Although the attack was supposedly against ISIS, the main target was to block the SDF. During the process leading to the July 15, 2016 coup attempt, the alliance between the AKP and the Gülen Movement turned into a war, with the Nationalist Movement Party (MHP) becoming the government’s new partner. The main cement of this partnership, which replaced the parliamentary system with an authoritarian presidential regime, was war. Military operations in Syria and Iraq continued to intensify.

Attempts to dismantle the de facto autonomous structure in Syria continued with the Olive Branch Operation in 2018 and the Peace Spring Operation in 2019, while the opposition was paralyzed internally. The Kobanê case, seen among Kurds as a “political genocide,” was initiated four years after these events. When the government realized it couldn’t keep Demirtaş, who was arrested in 2016, in prison on existing charges, it included him in the Kobanê case in 2019. Until December 30, 2020, there was no indictment.


The Kobanê case can be seen as a case of revenge in the following ways:

  • Demirtaş, who tried to disrupt Erdoğan’s presidential plans, is being punished. Additionally, Erdoğan sees it as essential for his political survival to keep a leader, who has gained the favor of not only Kurds but also Turks, in prison.
  • While Erdoğan facilitated ISIS’s capture of Tel Abyad with a porous border policy, he eagerly awaited the fall of Kobanê. The case reflects the anger against the resistance operation that saved Kobanê from ISIS.

  • The case also stands as the state’s response to the Kurdish pursuit of autonomy in both northern Syria and Türkiye’s Kurdish-populated regions. Thus, Erdoğan is using the Kobanê case to settle scores with Rojava.


In the local elections on March 31, the HDP pursued a dual strategy. On the one hand, it showed covert unity with the opposition, while on the other, it signaled that if the peace process resumed, it could strengthen the AKP’s hand in places like Istanbul. However, voter preferences caused the AKP to lose. After the election, Erdoğan began talking about the need for normalization to involve the opposition in plans to amend the constitution and to buy silence against austerity policies. In this context, AKP officials met with the People’s Equality and Democracy Party (DEM Party), which replaced the HDP, while Erdoğan met with Republican People’s Party (CHP) leader Özgür Özel.

This trend led to expectations of different outcomes in the Gezi and Kobanê cases. Amid rumors that Erdoğan was considering getting rid of the MHP, signs emerged of a situation similar to the pre-2016 conflict between the AKP and the Gülen Movement within the People’s Alliance. The power struggle within the judiciary and police also revealed itself. MHP Chairman Devlet Bahçeli made statements opposing the release of Gezi defendant Osman Kavala and a possible Kurdish opening, diminishing the  possibility that Erdoğan’s intentions might soften. Ahmet Türk also thinks that some people have moved to disrupt the normalization process.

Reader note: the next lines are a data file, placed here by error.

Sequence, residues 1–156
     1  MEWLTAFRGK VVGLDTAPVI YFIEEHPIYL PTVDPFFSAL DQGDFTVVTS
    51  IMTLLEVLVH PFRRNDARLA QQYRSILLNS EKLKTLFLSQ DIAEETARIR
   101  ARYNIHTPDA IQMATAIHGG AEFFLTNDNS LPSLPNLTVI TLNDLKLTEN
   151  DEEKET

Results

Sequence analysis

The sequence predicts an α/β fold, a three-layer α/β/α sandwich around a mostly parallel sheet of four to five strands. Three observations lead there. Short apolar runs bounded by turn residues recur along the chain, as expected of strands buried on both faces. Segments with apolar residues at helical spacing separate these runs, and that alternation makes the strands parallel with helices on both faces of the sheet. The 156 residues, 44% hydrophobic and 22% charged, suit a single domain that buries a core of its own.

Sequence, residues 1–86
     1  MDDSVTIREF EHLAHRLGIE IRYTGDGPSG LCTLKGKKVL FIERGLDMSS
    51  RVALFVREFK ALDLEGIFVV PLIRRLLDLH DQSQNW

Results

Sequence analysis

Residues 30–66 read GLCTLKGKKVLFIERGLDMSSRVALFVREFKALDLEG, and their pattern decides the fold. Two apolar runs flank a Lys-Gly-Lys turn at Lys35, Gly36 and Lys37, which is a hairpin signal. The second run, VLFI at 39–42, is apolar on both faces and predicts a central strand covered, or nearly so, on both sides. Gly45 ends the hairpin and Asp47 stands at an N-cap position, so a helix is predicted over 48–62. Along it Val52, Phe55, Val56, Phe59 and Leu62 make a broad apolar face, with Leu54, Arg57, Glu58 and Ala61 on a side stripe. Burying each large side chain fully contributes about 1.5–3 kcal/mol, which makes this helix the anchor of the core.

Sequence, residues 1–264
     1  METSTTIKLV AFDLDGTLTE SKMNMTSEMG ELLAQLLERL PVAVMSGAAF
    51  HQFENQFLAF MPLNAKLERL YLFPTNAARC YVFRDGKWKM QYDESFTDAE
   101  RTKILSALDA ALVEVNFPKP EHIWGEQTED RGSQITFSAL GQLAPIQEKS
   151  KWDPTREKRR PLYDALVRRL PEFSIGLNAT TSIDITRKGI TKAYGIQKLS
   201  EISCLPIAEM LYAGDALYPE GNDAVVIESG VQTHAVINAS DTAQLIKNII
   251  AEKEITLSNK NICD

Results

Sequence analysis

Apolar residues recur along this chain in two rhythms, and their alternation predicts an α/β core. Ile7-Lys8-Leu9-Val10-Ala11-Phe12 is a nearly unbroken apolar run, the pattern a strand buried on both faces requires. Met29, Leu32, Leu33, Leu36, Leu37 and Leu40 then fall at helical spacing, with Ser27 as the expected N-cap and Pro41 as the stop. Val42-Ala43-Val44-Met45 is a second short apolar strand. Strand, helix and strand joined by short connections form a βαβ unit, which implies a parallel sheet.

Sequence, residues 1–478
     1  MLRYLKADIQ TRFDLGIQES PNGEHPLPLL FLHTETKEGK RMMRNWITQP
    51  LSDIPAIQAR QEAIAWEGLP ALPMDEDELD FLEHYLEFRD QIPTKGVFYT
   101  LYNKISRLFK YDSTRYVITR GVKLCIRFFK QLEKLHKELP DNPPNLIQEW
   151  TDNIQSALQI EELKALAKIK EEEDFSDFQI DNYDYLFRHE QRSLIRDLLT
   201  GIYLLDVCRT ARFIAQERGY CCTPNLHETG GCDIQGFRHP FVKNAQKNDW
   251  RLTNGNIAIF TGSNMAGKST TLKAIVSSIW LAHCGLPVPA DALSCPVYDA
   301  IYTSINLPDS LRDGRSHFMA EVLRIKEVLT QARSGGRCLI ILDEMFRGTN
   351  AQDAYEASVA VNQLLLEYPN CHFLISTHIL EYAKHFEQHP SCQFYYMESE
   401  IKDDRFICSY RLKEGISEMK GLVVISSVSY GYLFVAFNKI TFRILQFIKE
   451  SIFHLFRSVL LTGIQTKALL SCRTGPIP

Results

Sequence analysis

Although the possibility of Kavala’s release is still seen as viable despite the rejection of a retrial request, Demirtaş remains a powerful figure that worries Erdoğan. With the Kobanê decisions, it became clear that the normalization offer did not include the Kurds. While Erdoğan talks about a major war to create a buffer zone along the Iraqi and Syrian borders, the expectation that the normalization initiative could turn into a Kurdish opening was overly optimistic.

Along with this, two possibilities should be considered:

Conditions that would make it possible for Erdoğan to divorce the MHP may not have been formulated yet. Erdoğan’s distant stance on the investigations related to the Ayhan Bora Kaplan gang, which extends to police chiefs, along with the murder of Sinan Ateş, which points to MHP officials, shows that he is not close to breaking ties with Bahçeli.

The AKP-MHP clash emerging in the judiciary branch could also expose Erdoğan’s shady political maneuvers. Regardless, it is also evident that Erdoğan is gradually escaping conditions that would force him into a serious change of direction. Tight cooperation with the IMF and World Bank, raising interest rates, increasing hot-money inflow, achieving manageable stabilization in lira exchange rates, and reducing tensions in Europe-US relations are alleviating Erdoğan’s concerns. For local and global finance capital, Erdoğan is on a path worth investing in. They are only interested in the legal system insofar as it it secures their interests. The fates of Demirtaş and Kavala, however, will remain a hot-button issue.

Fehim Tastekin

Fehim Tastekin is a Turkish journalist specializes in Turkish foreign policy and Caucasus, Middle East and EU affairs. He is the author of several books on Syria, Kurds and Islamic movements.